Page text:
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You can't tell by looking which students at Mount Sinai's school of medicine in New York City were traditional pre-meds as undergraduates and which weren't. And that's exactly the point.

Most of the class majored in biology or chemistry, crammed for the medical college admission test and got flawless grades and scores.
Dr. Raj Mangrulkar and medical student Jesse Burk-Rafel at the University of Michigan Medical School. Good communication skills, teamwork and adaptability will help doctors thrive through swift changes in medical science, Mangrulkar says.

But a growing percentage came through a humanities-oriented program at Mount Sinai known as HuMed. As undergraduates, they majored in things like English or history or medieval studies. And though they got good grades, too, they didn't take the MCAT, because Mount Sinai guaranteed them admission after their sophomore year of college.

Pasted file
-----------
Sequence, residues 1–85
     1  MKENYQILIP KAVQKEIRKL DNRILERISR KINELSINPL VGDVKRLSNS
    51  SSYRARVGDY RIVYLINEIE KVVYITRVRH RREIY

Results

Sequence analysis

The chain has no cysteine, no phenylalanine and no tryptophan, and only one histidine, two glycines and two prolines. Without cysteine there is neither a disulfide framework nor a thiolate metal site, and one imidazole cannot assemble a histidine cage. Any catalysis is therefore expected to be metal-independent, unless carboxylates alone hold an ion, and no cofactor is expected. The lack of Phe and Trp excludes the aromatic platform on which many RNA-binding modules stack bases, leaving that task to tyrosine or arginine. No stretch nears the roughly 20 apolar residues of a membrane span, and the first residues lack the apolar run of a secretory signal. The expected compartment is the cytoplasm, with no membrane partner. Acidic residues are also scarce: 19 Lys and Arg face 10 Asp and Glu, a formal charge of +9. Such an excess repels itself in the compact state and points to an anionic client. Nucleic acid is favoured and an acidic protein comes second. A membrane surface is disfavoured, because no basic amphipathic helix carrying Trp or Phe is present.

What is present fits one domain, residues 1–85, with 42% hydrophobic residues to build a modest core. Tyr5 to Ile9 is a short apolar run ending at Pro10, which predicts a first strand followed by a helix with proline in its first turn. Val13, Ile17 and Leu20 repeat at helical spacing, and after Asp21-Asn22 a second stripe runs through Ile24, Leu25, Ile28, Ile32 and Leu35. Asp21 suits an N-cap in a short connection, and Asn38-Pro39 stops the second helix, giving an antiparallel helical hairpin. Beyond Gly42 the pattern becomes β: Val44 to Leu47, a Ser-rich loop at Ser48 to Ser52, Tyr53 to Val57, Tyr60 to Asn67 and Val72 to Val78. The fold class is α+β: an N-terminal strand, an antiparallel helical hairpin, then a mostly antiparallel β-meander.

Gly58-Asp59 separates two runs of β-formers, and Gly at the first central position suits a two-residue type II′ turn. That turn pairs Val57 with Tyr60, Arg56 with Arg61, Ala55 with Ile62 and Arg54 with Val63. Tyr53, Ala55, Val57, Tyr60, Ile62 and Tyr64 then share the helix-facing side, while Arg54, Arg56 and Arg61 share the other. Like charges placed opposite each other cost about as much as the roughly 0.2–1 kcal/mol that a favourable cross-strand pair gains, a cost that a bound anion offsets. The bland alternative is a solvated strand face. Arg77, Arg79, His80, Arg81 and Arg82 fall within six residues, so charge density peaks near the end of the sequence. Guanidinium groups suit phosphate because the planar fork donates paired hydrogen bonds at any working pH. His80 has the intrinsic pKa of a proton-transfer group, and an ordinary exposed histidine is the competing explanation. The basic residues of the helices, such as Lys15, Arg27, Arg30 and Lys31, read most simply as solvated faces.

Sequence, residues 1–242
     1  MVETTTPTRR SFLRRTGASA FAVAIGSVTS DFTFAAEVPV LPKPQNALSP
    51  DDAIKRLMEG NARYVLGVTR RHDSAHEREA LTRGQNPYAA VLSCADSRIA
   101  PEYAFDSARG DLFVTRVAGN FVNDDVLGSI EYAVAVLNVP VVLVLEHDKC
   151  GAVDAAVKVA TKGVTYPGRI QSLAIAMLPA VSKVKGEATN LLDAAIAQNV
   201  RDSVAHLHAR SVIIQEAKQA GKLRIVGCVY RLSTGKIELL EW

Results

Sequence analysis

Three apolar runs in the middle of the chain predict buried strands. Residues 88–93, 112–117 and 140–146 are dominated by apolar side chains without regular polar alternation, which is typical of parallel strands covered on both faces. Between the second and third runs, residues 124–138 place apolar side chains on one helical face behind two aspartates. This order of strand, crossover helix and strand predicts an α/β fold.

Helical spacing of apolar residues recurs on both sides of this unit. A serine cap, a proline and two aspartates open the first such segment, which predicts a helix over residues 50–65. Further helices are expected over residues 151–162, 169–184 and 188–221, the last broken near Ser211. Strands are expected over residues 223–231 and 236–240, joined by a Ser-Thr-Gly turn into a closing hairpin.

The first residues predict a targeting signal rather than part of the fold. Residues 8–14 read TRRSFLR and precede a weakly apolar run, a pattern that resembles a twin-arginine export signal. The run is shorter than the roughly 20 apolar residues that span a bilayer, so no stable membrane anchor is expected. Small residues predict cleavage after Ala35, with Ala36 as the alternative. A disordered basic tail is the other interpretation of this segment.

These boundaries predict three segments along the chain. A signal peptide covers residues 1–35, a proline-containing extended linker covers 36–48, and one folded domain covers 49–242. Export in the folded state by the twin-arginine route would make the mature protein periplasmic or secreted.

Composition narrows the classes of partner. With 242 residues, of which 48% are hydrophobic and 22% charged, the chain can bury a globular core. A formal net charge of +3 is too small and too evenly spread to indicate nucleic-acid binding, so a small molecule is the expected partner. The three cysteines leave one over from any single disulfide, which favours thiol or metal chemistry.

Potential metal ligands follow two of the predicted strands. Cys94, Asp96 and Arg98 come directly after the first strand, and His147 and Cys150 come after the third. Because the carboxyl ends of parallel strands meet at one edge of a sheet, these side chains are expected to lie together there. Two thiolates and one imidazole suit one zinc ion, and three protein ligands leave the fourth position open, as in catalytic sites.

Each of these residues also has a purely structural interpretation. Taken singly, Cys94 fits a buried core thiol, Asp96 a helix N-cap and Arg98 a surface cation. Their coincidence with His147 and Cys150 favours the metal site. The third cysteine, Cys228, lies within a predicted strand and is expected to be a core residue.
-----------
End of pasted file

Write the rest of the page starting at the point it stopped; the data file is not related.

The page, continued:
Adding students who are steeped in more than just science to the medical school mix is a serious strategy at Mount Sinai.

Dr. David Muller is Mount Sinai's dean for medical education. One wall of his cluttered office is a massive whiteboard covered with to-do tasks and memorable quotations. One quote reads: "Science is the foundation of an excellent medical education, but a well-rounded humanist is best suited to make the most of that education."

A Top Medical School Revamps Requirements To Lure English Majors : Shots - Health News : NPR

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